Okay. So let’s talk about what you can do in your massage practice to implement talk triggers if you so desire. So remember the four things. It has to be repeatable, something you can do over and over consistently; it has to be remarkable, something that is worthy of being noticed; relevant in your practice; and reasonable, something that is reasonable enough that you don’t — it’s not going to cost you a ton of money, and it’s not going to be so over the top that it’s high maintenance.
So I thought of a few examples. I’m sure Allissa may have some insight and examples as well, and you as the listener may have more examples than I can think of here, but a few things I thought of are — one example would be a special gift after each session. Now, not like a huge gift, but like some little object or some little thing that you give people. Maybe it’s — I don’t know what it would be, I haven’t really got as far as giving specific examples because it’s unique to your practice, but is there something you can give people after a session?
Now, a lot of us give water, that’s pretty standard. So what can you give beyond the glass of water or the bottle of water or whatever? Maybe it’s something branded. Maybe it’s not something branded. DoubleTree gives cookies. Maybe you’ve thought of something else. So is there something you can give people that gives them something to hold in their hand that gets them talking about your practice, that’s very unique?
Maybe a unique theme for your massage practice in your office. Is your office decorated as a Star Trek — the bridge of the starship Enterprise? Is it a 50s diner theme? Is your audience really into sports? Maybe it’s a whole sports memorabilia kind of thing. Maybe it’s something else. So if you have kind of a hobby or a passion, or maybe your clients have a similar passion or something — I love Star Trek, so the first thing I always go to is how do I decorate my office like Star Trek or whatever. But whatever makes you unique, maybe lean into that.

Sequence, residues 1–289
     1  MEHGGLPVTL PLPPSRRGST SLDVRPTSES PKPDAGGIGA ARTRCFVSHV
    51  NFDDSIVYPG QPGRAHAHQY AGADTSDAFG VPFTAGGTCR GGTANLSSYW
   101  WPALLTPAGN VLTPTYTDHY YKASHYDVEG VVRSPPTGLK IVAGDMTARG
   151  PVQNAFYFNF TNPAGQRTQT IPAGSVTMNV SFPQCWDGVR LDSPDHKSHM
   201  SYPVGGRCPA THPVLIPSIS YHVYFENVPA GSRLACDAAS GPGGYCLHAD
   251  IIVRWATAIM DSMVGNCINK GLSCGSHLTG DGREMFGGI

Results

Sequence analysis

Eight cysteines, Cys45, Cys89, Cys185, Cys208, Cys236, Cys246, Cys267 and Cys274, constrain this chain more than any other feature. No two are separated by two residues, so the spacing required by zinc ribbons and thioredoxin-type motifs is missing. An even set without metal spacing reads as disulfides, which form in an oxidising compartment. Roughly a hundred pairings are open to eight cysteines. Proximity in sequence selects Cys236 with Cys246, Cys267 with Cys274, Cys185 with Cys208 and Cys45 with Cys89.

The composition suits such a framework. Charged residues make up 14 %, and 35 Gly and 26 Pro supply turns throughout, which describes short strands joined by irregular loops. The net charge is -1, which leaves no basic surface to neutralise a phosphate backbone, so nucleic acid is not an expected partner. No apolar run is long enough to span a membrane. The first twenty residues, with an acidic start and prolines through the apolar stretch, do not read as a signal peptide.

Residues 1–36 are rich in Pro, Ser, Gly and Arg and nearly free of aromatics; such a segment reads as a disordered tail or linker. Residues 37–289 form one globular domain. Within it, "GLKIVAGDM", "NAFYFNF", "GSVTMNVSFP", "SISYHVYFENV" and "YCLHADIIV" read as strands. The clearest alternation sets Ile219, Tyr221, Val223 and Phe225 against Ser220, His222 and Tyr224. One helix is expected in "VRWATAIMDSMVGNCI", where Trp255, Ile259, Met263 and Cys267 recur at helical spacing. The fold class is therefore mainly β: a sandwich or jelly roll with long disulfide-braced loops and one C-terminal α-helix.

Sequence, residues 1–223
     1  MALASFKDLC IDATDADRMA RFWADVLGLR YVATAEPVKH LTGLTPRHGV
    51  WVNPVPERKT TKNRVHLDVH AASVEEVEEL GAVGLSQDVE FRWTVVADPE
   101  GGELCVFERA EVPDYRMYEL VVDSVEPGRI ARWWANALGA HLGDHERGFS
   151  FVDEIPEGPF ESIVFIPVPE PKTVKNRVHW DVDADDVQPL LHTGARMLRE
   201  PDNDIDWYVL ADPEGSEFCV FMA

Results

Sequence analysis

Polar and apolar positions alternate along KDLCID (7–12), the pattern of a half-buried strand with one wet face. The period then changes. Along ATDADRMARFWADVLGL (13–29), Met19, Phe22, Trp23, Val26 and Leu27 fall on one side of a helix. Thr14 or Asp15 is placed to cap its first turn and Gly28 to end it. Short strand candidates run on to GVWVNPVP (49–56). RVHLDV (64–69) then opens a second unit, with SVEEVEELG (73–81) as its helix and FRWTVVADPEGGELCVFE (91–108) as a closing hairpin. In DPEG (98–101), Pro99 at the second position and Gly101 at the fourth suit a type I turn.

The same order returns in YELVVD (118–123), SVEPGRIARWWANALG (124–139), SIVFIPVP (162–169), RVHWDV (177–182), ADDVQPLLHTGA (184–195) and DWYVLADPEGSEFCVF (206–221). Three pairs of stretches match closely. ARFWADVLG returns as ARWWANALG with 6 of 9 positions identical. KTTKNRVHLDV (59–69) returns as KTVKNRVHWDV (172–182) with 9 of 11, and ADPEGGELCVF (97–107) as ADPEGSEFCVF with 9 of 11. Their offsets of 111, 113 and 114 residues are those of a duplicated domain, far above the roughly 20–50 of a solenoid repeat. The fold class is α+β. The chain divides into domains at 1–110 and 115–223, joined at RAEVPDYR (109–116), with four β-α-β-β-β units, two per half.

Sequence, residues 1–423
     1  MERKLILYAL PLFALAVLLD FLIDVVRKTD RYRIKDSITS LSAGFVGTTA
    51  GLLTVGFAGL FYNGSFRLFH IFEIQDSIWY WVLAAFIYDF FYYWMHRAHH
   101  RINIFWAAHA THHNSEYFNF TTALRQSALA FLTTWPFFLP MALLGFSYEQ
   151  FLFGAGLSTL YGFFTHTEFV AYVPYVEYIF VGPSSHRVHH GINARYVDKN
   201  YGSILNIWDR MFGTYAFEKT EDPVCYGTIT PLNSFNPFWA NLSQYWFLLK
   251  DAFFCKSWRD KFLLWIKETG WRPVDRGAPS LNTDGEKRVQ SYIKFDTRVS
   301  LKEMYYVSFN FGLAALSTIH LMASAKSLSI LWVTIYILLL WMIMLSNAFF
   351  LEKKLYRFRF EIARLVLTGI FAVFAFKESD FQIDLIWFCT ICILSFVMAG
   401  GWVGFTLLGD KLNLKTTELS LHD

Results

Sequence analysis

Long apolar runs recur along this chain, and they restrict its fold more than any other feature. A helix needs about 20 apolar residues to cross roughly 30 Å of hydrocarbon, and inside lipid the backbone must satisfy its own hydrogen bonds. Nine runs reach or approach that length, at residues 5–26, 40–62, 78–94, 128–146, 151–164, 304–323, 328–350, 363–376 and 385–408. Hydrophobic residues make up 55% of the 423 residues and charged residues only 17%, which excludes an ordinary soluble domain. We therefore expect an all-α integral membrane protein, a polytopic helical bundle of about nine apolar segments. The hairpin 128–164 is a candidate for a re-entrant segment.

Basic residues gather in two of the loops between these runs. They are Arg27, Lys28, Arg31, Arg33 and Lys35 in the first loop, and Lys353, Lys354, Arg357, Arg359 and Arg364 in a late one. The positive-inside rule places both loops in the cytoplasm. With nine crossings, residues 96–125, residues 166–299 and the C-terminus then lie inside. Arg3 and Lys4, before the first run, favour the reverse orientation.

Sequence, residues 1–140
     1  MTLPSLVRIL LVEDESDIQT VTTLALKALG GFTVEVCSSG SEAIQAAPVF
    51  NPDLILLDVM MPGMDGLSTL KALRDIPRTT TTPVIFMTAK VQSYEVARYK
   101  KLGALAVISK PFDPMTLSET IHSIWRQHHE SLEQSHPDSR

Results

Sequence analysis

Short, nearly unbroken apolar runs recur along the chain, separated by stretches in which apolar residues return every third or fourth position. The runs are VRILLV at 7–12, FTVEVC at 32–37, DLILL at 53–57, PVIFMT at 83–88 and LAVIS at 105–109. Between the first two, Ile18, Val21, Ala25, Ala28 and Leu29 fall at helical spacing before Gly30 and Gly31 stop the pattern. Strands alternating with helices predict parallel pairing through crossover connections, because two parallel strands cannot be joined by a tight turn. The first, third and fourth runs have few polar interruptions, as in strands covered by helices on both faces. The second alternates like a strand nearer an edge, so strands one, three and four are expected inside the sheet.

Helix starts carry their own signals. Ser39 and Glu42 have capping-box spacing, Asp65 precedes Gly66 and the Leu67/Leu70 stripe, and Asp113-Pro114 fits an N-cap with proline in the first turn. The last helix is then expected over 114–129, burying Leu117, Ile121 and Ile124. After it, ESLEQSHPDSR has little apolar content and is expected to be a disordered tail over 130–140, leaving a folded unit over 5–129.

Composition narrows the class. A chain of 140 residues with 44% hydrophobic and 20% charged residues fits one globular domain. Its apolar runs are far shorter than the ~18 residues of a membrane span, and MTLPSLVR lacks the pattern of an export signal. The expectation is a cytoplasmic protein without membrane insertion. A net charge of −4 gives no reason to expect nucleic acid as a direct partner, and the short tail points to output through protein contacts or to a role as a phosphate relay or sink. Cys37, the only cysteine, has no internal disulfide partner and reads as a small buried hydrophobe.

Maybe say, you know what, I’m going to — every other massage therapist has an office with Zen stuff on the walls and waterfalls and whatever. You know what? I’m going to decorate my office to be full of, I don’t know, baseball stuff — I’m just making stuff up here — but baseball stuff everywhere, memorabilia and posters, and my clients are really into sports, or maybe it’s just sports in general or whatever it is. Maybe it’s some unique, wacky theme — tropical theme. I don’t know. Something that gets people talking when they come to your office and they get a massage, they go tell their friends you’ve got to go see so-and-so. Her office is amazing or his office is amazing. It’s got all this stuff in it.
Another example — maybe a unique part of your service that’s just built in. A lot of spas, they upsell salt scrubs or eye cucumbers or scalp treatments or whatever. Maybe you make something like that just part of your normal massage. Maybe every massage you get, someone gets a ten-minute scalp treatment with some special product after every massage or whatever it is. I’m just making stuff up here, but I’m sure that you can think of something that you could add on to your massage sessions that most people would consider an upgrade that you can just kind of build in and make it a nice little perk.
Personality in your communication, this is more of an attitude talk trigger. So where many people are very kind of buttoned-up and professional and kind of just standard and nonremarkable in their language they use, maybe your website you’re using kind of zany personality, and maybe your voicemail greeting matches it. Maybe your emails leading up to the appointment are cheering people on for the great decision they’ve made to take care of their health or whatever, and then the follow-up email is — have kind of a tongue-in-cheek or a fun-spirited follow-up message. Maybe your personality is something you bake into every touch point that helps you stand out.